PRETORIA, South Africa -- The brown, bullet-marked toilet door through which Oscar Pistorius shot and killed his girlfriend was set up in the courtroom at the athlete's murder trial Wednesday so prosecutors could attempt to recreate his shooting of Reeva Steenkamp a year ago for the judge.
Pistorius, lead defense lawyer Barry Roux and court officials gathered around the door ahead of the day's proceedings, examining what appeared to be the bullet holes, which were apparently marked with white tags on the wood.
Pistorius, the world-famous double-amputee runner, is on trial for murder for firing four times through the door in a bathroom at his home on Feb. 14 last year, hitting Steenkamp three times and killing her. He says he shot her by mistake thinking she was a dangerous intruder hiding in the toilet cubicle and denies murder. Prosecutors maintain Pistorius shot Steenkamp intentionally. He faces a life sentence with a minimum of 25 years in prison before parole if convicted on the murder charge.The door has always been viewed as crucial evidence in the case, and was removed from Pistorius' home in the hours after he shoot Steenkamp on Valentine's Day morning in 2013. It was kept by police but also taken back to Pistorius' Pretoria villa with their permission last year so that forensic experts working for the Olympian could do their own work on it.
In court, it was set up to the right of the room and was surrounded by a white border. Behind it, there was a recreation of the cubicle.
A police officer called as a witness by the prosecution removed his suit jacket and attempted to reenact the blows struck by Pistorius against the bathroom door with a cricket bat.
Pistorius says he used the bat to break down the locked door after realizing it was Steenkamp inside, rather than an intruder. He says he shot through the door standing on his stumps, but then ran back to the bedroom and put his prosthetic legs on before returning to try and break the door down with the bat.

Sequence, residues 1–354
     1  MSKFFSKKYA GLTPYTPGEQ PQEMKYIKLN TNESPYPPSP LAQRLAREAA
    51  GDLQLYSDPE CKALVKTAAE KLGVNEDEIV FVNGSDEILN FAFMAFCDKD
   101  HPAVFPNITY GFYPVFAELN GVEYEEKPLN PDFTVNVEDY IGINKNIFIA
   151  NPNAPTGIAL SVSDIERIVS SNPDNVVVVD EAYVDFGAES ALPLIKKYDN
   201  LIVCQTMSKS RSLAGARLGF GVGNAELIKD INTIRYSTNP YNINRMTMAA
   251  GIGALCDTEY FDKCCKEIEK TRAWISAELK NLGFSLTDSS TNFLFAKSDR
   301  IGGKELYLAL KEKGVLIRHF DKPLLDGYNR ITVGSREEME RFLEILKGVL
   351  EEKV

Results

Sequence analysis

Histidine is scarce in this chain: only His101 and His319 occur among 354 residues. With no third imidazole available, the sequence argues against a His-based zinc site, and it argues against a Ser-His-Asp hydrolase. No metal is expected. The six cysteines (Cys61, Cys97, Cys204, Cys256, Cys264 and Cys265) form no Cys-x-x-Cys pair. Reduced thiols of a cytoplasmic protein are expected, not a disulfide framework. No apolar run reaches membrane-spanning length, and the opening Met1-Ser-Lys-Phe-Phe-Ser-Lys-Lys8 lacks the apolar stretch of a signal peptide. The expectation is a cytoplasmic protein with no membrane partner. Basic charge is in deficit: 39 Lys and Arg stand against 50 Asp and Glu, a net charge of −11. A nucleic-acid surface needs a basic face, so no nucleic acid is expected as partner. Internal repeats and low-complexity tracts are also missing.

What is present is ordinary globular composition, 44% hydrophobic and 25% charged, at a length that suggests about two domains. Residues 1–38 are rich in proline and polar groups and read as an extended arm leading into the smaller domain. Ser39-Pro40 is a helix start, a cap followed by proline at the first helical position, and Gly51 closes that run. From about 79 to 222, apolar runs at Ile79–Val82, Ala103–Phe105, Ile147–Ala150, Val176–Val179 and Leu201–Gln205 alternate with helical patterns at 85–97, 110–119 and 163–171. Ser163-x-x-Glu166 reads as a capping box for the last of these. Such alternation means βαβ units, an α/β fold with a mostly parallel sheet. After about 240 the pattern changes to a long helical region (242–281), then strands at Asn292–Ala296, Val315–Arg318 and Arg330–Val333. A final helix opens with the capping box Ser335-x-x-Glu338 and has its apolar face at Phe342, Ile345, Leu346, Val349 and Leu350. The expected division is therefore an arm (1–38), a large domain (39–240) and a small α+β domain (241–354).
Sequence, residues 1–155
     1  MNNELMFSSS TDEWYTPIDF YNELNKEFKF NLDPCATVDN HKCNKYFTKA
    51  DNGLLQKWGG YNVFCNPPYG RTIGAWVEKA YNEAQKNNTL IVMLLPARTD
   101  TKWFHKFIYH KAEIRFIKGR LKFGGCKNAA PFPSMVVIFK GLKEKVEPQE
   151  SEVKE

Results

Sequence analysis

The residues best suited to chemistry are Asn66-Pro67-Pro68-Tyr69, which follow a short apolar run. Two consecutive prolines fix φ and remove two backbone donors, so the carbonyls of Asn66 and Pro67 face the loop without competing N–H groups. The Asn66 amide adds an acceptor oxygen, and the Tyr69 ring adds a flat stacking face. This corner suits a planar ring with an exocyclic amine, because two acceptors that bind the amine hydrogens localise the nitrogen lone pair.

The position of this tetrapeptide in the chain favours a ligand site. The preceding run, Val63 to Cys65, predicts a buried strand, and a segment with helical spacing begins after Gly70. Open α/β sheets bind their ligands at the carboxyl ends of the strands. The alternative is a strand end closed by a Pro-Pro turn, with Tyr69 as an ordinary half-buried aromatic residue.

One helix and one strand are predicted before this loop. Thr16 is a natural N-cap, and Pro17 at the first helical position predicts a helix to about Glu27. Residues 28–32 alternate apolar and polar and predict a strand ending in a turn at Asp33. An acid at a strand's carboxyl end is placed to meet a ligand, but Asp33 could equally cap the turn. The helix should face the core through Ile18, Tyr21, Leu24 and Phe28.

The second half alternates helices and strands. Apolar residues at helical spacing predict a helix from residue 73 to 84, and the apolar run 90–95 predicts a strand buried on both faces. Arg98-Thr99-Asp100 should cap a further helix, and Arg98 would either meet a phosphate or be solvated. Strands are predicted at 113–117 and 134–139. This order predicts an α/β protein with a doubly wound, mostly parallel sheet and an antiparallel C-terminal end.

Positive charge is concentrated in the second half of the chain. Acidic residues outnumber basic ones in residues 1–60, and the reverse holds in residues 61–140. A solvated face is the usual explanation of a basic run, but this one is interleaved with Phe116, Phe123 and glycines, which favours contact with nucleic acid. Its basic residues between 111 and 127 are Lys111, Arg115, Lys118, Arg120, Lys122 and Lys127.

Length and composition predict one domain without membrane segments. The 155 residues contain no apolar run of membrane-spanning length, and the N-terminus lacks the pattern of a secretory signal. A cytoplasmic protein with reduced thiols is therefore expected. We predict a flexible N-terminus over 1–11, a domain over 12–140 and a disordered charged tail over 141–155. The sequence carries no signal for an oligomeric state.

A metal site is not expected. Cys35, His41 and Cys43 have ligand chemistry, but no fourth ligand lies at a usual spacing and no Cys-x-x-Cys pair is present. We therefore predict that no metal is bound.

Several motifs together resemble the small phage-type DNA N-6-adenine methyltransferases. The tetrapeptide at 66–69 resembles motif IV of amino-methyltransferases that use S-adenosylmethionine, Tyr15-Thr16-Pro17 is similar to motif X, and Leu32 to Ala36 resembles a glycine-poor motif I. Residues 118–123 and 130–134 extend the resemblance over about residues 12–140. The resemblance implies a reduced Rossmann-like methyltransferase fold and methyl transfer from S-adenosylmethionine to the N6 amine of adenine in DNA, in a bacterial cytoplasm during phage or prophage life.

Police Lt-Col Johannes Vermeulen, the force's top forensic investigator who personally inspected the crime scene at Pistorius' residence, reenacted at least two bat blows to the door -- based on the position of impact marks on the wood -- as another court official took measurements of his shoulder height as the mock-blows were delivered. He told the court the marks on the door and the height measurements were consistent with blows delivered by a man approximately the height of Pistorius without his prosthetic legs on.
The defense, on cross-examination of the policeman, insisted instead that Pistorius was wearing his prosthetic legs when hitting the door in the pre-dawn hours of Valentine's Day last year - and the marks from the bat on the door were lower down because the athlete swung with a bent back.
The intricate argument over whether Pistorius, the first amputee to run at the Olympics and now on trial for murder, was on his prosthetic limbs or not is important because it could match parts of his story that he accidentally shot Steenkamp. It could also show that he is lying.
Earlier Wednesday, Darren Fresco, a one-time friend of Pistorius, continued his testimony from the previous day. Fresco testified Tuesday that he was with Pistorius on two occasions when the celebrated disabled runner shot guns in public in the six months before he killed Steenkamp.
Fresco said Pistorius fired without warning out of the sunroof of a moving car in September 2012 and then shot a gun by mistake under a table at a busy Johannesburg restaurant in January 2013 -- around a month before he killed Steenkamp.
Pistorius is charged with murder in Steenkamp's shooting death and three other firearm-related offenses. He pleaded not guilty to all four charges and specifically denies he shot the gun out of the car, defense lawyer Roux said.